Violations of free speech rights were the top reported incidents. CAIR reports attacks on protests, guns pulled on protesters and shots fired, harassment of students, and the threat of blacklisting. Palestinian and Muslim students and staff in elementary, middle, and high schools are reporting an increase in harassment and bullying.

The justifications for violations of the free speech rights of Palestine solidarity activists often hinge on false accusations of antisemitism leveled at the movement. This has been a common charge leveled at Palestine solidarity activists for years, with anti-Zionist Jews additionally labeled as “self-hating.”

As the genocidal attack on Gaza becomes more widely known, and the pressure to stop U.S. support of Israel increases, pro-Zionist forces are stepping up the suppression of free speech.   Dylan Saba, a staff attorney at Palestine Legal, stated, “That’s what’s motivating the strategy to try to raise the stakes of Palestinian expression and organizing by getting universities to try to crack down on it. … If you can’t win the debate because the facts aren’t in your favor, it’s pretty sensible to try to stop it altogether.”

The nonviolent Boycott, Divestment, and Sanctions (BDS) movement exposed the connections between apartheid Israel and government entities, educational institutions, and corporations. The BDS movement undermined support for Israeli policy in U.S. society and internationally, threatening the base of financial support for the occupation, including settlement building.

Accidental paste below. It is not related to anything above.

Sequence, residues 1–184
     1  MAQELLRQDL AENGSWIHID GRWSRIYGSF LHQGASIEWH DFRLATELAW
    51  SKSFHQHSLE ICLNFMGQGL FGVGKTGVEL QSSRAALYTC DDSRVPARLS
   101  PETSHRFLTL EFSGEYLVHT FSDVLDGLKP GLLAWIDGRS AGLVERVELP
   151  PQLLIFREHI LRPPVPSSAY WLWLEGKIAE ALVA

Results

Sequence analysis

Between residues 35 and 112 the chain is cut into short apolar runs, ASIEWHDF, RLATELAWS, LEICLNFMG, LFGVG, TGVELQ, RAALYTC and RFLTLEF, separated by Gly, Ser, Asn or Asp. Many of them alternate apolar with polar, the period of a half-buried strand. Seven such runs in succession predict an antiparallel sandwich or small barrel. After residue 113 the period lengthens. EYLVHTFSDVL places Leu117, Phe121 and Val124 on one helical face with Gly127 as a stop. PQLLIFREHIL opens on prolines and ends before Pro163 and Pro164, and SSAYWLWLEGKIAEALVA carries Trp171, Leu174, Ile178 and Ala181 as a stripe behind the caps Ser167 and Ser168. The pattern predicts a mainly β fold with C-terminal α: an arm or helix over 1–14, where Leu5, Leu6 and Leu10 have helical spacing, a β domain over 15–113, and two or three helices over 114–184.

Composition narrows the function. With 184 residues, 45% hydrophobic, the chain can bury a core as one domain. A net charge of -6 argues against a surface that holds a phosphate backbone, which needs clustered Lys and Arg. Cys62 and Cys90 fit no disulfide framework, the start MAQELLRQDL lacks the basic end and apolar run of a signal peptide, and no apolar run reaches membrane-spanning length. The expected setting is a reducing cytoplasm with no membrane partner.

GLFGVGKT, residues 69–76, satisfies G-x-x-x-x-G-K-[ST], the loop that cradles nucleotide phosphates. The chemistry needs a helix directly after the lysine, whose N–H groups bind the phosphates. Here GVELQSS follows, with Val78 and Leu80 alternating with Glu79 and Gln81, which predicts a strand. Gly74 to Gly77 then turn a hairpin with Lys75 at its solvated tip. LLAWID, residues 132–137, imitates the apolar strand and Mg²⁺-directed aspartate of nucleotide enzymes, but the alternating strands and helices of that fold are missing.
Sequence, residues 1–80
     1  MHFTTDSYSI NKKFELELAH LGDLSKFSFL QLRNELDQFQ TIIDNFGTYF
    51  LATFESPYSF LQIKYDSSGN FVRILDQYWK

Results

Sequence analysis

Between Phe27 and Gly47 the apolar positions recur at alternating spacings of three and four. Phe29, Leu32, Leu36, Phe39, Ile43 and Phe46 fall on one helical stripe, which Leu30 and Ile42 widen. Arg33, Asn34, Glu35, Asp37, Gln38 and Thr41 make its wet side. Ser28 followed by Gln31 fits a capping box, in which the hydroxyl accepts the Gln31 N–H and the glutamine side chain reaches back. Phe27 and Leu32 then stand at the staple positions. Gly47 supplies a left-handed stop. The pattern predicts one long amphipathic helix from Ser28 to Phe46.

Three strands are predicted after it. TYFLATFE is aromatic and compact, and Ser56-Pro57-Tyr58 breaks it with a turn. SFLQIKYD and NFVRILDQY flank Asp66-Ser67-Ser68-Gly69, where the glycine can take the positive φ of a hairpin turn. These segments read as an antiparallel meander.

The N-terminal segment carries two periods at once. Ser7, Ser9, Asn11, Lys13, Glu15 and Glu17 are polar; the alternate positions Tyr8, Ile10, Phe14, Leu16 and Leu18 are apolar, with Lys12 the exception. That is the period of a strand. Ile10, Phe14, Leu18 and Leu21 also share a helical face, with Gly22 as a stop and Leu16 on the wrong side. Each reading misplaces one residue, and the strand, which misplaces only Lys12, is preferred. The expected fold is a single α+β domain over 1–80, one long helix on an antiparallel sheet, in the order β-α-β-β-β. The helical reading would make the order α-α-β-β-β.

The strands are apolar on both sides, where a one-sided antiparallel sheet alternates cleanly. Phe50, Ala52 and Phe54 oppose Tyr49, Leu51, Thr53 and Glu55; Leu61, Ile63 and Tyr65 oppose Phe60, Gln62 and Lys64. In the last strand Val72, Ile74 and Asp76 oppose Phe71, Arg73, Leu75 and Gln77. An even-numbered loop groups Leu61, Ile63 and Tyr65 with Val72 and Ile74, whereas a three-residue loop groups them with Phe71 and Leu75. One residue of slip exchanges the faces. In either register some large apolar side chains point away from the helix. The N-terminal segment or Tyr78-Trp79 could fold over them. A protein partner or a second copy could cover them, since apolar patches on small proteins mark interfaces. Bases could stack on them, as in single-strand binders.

This challenge to the legitimacy of the Israeli state spurred attempts to discredit the BDS movement. Zionist organizations and bourgeois politicians in both parties accused BDS of antisemitism for their legitimate criticisms of the human rights violations committed by the Zionist entity. Those who conflate Judaism, a religion with a long history of fighting for justice for the oppressed, and the Zionist state reinforce the growth of anti-Jewish thinking by blurring the lines between the legitimate criticism of Israeli policy and actual hate speech.

Thirty-five states have either passed anti-BDS laws or issued executive orders aimed at marginalizing BDS activists. In 2017, a bipartisan bill in Congress would have made advocating a boycott of Israel a felony.

From the river to the sea? 

The chant, “From the River to the sea, Palestine will be free,” which is a staple of pro-Palestine demonstrations, has been cited by Zionists and their supporters as “hate speech” and a call for the elimination or killing of Jewish people. On the contrary, the slogan reflects the long-held position of the liberation movement for a democratic secular Palestine with equal rights for all.

In 1969, the largest component of the liberation movement, Fateh, declared, “We are fighting today to create the new Palestine of tomorrow; a progressive, democratic and nonsectarian Palestine in which Christian, Muslim and Jew will worship, work, live peacefully and enjoy equal rights.”

The pamphlet published by the Palestine Liberation Organization in 1970, Towards a Democratic State in Palestine, explains, “The call for an open, new, tolerant Palestine for Jews and non-jews is a dramatic change in the Palestinian struggle, but it is hardly a new idea. Palestinians suggested the creation of such a state to the Peel Commission in 1937. As for the idea of Jew, Muslim and Christian living peacefully and harmoniously in one country, it is also a very old one. The Fateh Declaration stated, ‘This is no utopian dream or false promise, for we have always lived in peace, Muslims, Christians and Jews and the Holy Land.’”